Being effective. Being efficient. Staying excited about learning. Not drowning in a sea of irrelevant information. Gaining the freedom to spend my time how, where and with whom I want.  These are the issues currently swirling around my brain. For the past few years, when someone suggested a newsletter, praised a web site or raved about a new tool – I was there.  I felt inadequate that I wasn’t scanning at least 40 or 50 sites via RSS and email.  My friendship count on Facebook and follower account on Twitter and del.icio.us and Second Life and Flickr was (and is) woeful compared to leading users. I get up in the morning to the flow of information from ABC breakfast radio.  My husband and I listen to it on the way to work. Once at work, it is not unusual for me to spend an hour a day on email – at least half of it in determining whether messages apply to me or not (about half don’t). I spend my lunch break scanning my RSS feeds or on news sites or on my “relaxation” sites – usually news or PostSecret (other people’s problems) or researching or making online purchases. At home, I come home and set the email going – then check Twitter, then my Facebook, then Flickr, then might poke around Second Life while scanning all the blogs I follow and my own for any comments.  Oh, and I also belong to a few online groups. My husband and I still haven’t started that home business that is going to free up our finances and our lives that we were going to start.  I probably couldn’t tell you about more than two of the news stories I heard yesterday morning.  Our last vacation was unsatisfying because we are incapable of exhaling and just chilling out. My brain is tired and I feel constantly under pressure to know more. No wonder – how am I going to think about or do anything that directly impacts my life when I’m doing such a grand job of keeping my brain busy with all that other stuff? What’s important? Creating the sort of life I want. What sort of life do I want? I want freedom to explore the world in person.  To have my financial house in order and the ability to visit friends and family. To experience places and activities I’ve never been to or done before. So, I’m going on a low-info diet for a while. I’m cutting back on fatty blogs, slashing my email accounts down to four (I had 8), limiting my Twittering, deleting all those podcasts I was going to get around to listening, switching off the morning news, ignoring the evening news and have asked all friends and family to not send any more chain mail or surveys. At work, I’ve asked colleagues to send me their del.icio.us account details so I can find their groovy links that way. I’m taking myself off info lists, unsubscribing to newsletters and reviewing my own bad habits.  No more forwarding “interesting” or “must read” articles or news stories; that’s what my blog is for — people who give a damn what I think is interesting are already reading THAT.  No more meetings without agendas, clear objectives and asking people to submit position statements in advance if we are to debate or decide something.  No more meetings just to “catch up” when we could just exchange progress reports. My emails will be clearer and more concise as will my phone conversations and the conversations with people who drop by my desk. It’s a lot of bad habits to undo and dropping out to get done, but I need to tackle my information gluttony if I have any hope of finding the brain food that will deliver the results I want. Wish me luck?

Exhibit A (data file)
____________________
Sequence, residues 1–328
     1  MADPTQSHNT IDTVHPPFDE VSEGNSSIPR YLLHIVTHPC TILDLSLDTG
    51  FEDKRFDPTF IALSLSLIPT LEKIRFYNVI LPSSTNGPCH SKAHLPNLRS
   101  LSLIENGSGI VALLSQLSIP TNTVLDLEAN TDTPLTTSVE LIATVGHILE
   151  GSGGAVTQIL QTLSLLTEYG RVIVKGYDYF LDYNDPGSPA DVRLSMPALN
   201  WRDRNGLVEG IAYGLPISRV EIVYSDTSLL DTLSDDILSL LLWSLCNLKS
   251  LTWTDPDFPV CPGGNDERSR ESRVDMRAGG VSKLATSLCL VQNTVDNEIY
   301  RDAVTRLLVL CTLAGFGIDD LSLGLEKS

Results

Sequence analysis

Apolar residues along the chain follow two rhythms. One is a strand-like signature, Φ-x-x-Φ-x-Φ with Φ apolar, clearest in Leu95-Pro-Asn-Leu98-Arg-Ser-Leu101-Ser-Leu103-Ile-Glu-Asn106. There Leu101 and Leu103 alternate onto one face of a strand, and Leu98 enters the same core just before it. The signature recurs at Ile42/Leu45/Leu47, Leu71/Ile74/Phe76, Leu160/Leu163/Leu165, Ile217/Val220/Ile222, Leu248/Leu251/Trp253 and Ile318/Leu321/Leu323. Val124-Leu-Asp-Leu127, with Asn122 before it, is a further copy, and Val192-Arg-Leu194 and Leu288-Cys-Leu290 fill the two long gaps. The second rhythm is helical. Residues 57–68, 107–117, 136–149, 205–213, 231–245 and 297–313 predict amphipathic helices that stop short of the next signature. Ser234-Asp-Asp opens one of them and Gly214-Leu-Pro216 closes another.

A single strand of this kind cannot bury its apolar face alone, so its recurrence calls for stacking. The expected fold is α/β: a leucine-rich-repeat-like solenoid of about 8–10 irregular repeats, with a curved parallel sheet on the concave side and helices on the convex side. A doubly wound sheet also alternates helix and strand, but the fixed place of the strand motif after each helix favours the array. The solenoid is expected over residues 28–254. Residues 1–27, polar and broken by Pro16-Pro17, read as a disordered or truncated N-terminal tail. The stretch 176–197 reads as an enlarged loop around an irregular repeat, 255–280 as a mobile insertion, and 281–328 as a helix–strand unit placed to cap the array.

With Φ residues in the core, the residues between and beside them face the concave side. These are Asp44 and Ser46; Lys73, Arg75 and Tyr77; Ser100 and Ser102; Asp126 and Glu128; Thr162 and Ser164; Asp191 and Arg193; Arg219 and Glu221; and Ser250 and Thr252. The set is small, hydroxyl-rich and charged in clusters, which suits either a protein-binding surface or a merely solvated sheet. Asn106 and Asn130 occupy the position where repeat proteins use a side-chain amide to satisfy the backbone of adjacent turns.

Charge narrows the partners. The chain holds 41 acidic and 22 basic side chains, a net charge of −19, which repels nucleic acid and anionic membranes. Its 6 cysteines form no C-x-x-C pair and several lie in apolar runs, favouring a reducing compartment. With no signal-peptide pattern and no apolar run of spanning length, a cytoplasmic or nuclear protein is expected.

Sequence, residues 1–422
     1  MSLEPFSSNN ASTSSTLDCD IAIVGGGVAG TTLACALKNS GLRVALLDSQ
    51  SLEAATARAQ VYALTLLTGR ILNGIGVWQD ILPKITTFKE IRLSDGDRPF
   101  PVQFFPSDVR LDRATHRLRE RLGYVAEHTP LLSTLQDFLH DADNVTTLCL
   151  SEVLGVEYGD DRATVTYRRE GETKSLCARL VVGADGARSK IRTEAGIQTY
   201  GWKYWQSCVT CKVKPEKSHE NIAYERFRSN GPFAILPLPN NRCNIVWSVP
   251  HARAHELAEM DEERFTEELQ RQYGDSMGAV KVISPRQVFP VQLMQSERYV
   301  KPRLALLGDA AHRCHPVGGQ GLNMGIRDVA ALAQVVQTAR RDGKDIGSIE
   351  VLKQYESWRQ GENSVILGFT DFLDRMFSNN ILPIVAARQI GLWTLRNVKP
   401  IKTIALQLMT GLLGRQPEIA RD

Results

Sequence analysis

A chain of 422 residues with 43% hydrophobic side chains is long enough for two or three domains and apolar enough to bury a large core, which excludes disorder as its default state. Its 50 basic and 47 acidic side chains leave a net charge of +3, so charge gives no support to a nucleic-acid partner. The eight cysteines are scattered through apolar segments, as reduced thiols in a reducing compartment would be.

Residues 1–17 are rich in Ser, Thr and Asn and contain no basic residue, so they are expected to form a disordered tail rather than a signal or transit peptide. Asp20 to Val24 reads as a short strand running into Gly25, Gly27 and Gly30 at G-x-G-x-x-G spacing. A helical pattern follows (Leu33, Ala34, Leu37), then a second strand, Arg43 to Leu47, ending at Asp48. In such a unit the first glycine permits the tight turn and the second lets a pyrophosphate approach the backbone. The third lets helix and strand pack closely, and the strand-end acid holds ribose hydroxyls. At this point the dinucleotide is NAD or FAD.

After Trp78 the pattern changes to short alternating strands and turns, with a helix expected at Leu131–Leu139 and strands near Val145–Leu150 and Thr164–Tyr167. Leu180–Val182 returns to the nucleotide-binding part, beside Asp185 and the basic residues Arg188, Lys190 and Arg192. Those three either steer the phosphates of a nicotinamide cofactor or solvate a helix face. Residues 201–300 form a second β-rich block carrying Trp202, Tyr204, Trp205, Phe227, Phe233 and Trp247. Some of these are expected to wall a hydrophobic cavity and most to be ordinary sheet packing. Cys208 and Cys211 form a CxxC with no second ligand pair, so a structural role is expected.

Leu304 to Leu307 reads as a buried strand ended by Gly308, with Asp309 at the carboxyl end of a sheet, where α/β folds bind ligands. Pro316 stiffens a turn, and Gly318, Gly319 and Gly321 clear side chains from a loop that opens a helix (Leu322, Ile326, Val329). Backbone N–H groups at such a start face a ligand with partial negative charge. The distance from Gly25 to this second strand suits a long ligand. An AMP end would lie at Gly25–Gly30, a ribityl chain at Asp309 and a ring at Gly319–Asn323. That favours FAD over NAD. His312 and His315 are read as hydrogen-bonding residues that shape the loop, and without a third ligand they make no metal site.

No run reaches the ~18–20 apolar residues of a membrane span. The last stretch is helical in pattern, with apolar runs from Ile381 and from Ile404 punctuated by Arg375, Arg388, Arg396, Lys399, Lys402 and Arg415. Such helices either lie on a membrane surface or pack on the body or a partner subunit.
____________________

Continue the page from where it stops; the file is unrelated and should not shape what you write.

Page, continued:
3 Comments

  1. It happens every day
    Information overload
    Time for a reboot

  2. I find that the internet can be like the tv – many hours spent looking at the screen with not much accomplished in reality.
    Moving to the farm helped me realized how much energy I used to expend in the working world without any real life productivity being achieved and that now 24 hours on a tractor can feed the town i live in flour for a year – when it rains of course.
    It’s too easy at times to use the screen as an escape, a way to avoid the here and the now and all the tasks that need to be done – but I also know how that internet screen makes me feel closer to friends, family and the wider world.

    A paradox
    a paradox
    oh what a great big paradox.

  3. Yup – I want to use the screen to make money and give myself the freedom to see people face to face. It’s knowing which interactions to keep and which ones to discard. I’ve unsubscribed from 50 newsletters in the past week and feel physically lighter!